If the rumours are true, and RIM's new browser is as good at it appears. If OS6.0 comes before the fall. If the new slider is not just a rumour. If the App store gets credit card payment along with carrier billed sales. Then RIM will have caught up with the user experience of Apple and the world will be clammering for BlackBerrys with their better security, texting, and enterprise integration.
We already have a distinct advantage with multi-tasking and device API integration. And because right now there are fewer developers, ours will be the first to sell to this new market.
At 30% take, RIM is still one of the better App stores for the developer.
I'm as disappointed as anyone with the upcoming changes but if we make more sales perhaps it will be worthwhile. In the meantime I think it's wise to take the pain and wait till at least the end of the year before jumping ship.
"And a key one would be an OS overhaul."!!!!!
Don't you mean UI overhaul? Which is here unless the 5.0 API docs are lying.
Don't even think about comparing the iPhone OS with RIMs. RIM's is infinitely better for developers.(Try multi-tasking, device integration APIs, backend integration etc etc).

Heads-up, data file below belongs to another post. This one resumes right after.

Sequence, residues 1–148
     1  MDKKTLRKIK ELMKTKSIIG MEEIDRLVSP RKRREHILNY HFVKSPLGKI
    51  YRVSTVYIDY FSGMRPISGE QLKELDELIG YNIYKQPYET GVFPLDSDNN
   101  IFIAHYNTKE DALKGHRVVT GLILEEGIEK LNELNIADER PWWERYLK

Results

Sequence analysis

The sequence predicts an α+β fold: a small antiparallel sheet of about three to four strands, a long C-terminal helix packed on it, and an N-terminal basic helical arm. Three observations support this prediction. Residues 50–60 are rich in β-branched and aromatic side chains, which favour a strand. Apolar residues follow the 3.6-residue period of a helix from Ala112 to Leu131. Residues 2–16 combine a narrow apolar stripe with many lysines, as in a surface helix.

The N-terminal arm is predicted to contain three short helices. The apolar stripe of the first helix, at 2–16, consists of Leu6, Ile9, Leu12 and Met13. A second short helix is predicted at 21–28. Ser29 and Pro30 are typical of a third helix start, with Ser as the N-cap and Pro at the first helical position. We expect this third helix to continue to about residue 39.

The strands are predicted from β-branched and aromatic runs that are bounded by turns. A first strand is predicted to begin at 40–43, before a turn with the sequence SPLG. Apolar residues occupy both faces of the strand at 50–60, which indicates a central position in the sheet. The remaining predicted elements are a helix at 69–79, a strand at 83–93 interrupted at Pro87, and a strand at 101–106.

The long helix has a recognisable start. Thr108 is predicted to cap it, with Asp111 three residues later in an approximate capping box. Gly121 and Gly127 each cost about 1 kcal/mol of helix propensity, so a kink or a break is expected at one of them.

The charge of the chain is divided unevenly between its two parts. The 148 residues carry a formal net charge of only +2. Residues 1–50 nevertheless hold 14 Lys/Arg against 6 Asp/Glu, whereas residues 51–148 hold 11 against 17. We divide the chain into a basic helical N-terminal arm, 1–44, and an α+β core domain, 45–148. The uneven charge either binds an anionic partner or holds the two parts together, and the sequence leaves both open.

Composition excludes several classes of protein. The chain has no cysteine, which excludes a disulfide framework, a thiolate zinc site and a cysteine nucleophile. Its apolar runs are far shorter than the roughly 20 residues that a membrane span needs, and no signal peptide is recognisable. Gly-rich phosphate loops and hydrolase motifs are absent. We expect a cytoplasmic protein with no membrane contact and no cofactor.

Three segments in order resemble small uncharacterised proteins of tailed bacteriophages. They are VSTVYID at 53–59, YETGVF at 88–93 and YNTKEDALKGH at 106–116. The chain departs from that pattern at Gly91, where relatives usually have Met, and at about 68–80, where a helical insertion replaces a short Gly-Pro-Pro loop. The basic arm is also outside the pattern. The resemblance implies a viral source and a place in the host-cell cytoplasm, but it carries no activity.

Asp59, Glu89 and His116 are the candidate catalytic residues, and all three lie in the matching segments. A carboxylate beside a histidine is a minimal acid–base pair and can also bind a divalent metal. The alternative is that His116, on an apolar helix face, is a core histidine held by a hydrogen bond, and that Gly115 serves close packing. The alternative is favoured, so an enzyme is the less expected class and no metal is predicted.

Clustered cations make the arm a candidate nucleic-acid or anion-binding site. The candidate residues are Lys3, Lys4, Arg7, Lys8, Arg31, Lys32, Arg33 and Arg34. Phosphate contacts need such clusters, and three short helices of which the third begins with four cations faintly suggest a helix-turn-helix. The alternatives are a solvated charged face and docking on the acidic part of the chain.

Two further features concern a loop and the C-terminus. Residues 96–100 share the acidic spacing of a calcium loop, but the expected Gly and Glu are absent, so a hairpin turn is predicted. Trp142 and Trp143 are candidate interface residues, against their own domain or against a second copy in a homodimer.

I would have thought a developer would know better than to believe the rubbish written in the blogs by people that wouldn't know an OS if it bit them.
"RIM will turn to dust if anyone actually comes up and creates an Android Enterprise Server."
Not just the server, they'd also need the infrastructure to support the server that RIM currently has installed in over 400 carriers world wide, along with the global network etc. And right now BlackBerrys are still by far the easiest device to manage for IT departments.
It will take several years for Google and Apple to catch up, always assuming the carriers are interested given both companies agressive stance toward carriers (Google is buying wireless spectrum and Apple strongarmed carriers over the iPhone).
If the rumours are true RIM is about to catch up on the UI and browser - the key differentiators for consumers. Should be an interesting summer.
04-26-2010 07:34 PM
I agree with macdan. I don't mind the fees and change in revenue shares if it increases customer traffic and volume.
I also agree that RIM and the carriers need to do much more in advertising the BlackBerry, what it is capable of doing, as well as the thousands of apps available on the BlackBerry. Everytime I see an "app for that" or "droid does" commercial, I think to myself - "Well, the BlackBerry can do that too....and it has those apps as well!". We need more than the "Buy one BlackeBerry smartphone, and get second one free!" commercials.